It must have been a much longer ride than if I had taken a cab from a Jewish Israeli. In the end, he somehow managed to get me to Tel Aviv. There, in the city, a group of armed security forces suddenly ran screaming towards the cab and stopped it. They pulled the cab driver out of the car and ordered me to leave the cab. I told the officers that I was a tourist and that if anyone needed to be punished, it was me, as I had asked the cab driver to bring me here. And I offered to pay a fine on his behalf because I didn’t want to cause any harm to a poor guy who just wants to earn a living to feed his family, which he had told me about, but is discriminated against because he is not a genetically correct Israeli. The answer: “Shut up or we’ll deport you.” All right: welcome to Apartheid Israel!
The house of an Arab Israeli is taken away from him and given to a Jewish Israeli
This incident made me feel bad and very annoyed. But I continued on my journey. In Jerusalem, I wanted to visit the Al-Aqsa Mosque in the Old City. Muslims believe that Prophet Muhammad led Abraham, Moses, Jesus, and other divine messengers in ceremonial prayer after being magically transported one night from Mecca, “the holy place of worship,” to this location in Jerusalem, “the more distant place of worship,” according to the Quran (17:1).
The mosque and the square have grown to be specific sources of friction in the Arab-Israeli conflict in recent decades. In addition to its importance to Muslims, the square is significant to Jews since it was the location of the Temple of Jerusalem, which Herod destroyed in AD 70. Since then, people have made pilgrimages to the nearby Wailing Wall and the Temple Mount, as the Jews refer to the square.
As I walked up a narrow path to the mosque, I noticed an elderly man sitting on a chair in front of a small house with a large window, behind which ancient scriptures were displayed. I stopped and engaged him in a conversation about the exhibits. He told me that this was all that was left of his ancestors. Decades before, he had kept more writings in a large house next to this house until he was evicted from it by the city government. The city authorities gave his house to a rabbi and left him this much smaller house. He showed me black and white photos of his parents and other family members inside and outside of the house they once owned. I asked him if he could object to this serious act and he replied: “Only if I had been a Jewish Israeli could I have taken legal action. They always find an excuse like security requirements or whatever to justify it.”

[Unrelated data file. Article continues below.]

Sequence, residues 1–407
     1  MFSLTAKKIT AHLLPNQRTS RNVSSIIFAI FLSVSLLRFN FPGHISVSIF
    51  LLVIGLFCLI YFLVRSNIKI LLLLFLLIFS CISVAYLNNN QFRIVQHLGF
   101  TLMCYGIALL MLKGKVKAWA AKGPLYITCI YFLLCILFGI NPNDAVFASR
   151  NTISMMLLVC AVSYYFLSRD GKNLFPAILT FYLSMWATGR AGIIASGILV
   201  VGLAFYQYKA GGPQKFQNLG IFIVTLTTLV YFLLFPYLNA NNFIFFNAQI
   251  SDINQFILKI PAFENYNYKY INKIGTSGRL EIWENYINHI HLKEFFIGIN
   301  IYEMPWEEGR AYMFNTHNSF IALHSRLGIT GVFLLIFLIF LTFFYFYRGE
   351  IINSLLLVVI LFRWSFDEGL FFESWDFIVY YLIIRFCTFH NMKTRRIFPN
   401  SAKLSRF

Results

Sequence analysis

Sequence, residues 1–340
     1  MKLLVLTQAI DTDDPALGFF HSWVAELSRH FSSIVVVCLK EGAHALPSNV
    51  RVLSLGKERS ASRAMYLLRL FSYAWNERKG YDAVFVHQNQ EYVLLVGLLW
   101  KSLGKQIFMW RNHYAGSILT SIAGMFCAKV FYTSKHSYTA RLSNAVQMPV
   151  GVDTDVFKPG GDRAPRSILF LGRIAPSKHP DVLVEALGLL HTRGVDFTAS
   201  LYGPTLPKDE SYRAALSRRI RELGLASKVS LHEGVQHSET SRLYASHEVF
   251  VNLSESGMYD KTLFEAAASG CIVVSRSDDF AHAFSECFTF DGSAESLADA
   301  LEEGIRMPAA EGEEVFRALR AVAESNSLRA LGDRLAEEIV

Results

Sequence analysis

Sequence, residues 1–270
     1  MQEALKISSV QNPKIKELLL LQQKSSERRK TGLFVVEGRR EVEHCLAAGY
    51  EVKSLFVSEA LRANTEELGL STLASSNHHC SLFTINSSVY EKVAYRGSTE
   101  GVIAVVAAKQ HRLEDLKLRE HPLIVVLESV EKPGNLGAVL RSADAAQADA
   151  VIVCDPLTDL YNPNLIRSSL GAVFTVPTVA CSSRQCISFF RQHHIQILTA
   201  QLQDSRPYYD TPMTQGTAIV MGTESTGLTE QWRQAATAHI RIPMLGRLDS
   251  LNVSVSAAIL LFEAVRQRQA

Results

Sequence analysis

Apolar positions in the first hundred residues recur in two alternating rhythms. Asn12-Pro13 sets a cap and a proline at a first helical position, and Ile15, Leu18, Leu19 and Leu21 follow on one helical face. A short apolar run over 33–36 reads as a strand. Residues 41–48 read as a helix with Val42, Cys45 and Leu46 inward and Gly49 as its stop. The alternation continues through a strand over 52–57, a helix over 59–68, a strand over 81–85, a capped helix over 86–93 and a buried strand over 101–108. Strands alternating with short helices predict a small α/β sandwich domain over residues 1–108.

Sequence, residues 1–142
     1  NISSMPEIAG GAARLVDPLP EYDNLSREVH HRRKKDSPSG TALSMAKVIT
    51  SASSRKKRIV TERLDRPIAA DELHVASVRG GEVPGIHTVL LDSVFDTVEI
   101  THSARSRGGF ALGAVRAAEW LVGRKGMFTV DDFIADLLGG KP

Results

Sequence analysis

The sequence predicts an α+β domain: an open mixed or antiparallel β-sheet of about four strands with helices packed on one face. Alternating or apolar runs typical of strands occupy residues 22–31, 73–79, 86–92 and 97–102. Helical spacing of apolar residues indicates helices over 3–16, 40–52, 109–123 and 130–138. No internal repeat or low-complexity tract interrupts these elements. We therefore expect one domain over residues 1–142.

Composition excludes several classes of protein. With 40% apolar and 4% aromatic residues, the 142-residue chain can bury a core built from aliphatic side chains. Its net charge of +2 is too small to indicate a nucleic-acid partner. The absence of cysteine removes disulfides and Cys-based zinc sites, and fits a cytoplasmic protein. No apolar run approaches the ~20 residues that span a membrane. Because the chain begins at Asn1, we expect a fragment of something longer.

Unfortunately, nothing has changed since then: Discrimination against Arab Israelis is still unabated, systematic and widespread.
As a child, Sari Bashi attended orthodox Jewish schools and later studied law at Yale. Despite her bright professional future, she decided to emigrate to Israel. The human rights lawyer, author, analyst and law lecturer is now also the director of Human Rights Watch in Israel.
But perhaps most importantly, this Jewish Israeli woman is married to an Arab Israeli and is raising a family as a Jewish mom with a Palestinian dad. So she knows first-hand the human rights violations and discrimination against Arab Israelis. In this interview she says:
“I’m Israeli Jewish. My partner is Palestinian. And I can do things that he can’t do. I can travel quite freely. And even though his mother is a refugee from what is now Israel, he can’t pass areas that are off limits to Palestinians. I have excellent rights. I have health. There are cities in Israel built for Jews only, and also in the West bank settlements being built for Israeli Jews only, while Palestinians are hemmed in, unable to build cities and their homes being demolished for lack of permits that are almost impossible to get. The Israeli authorities are engaging in forcible transfer, where they remove Palestinian communities in the West Bank to make room for settlements. All of these are part of the root causes of the violence. There is terrible abuses going on. You just have to listen to what people on the ground are telling you and adjust accordingly.”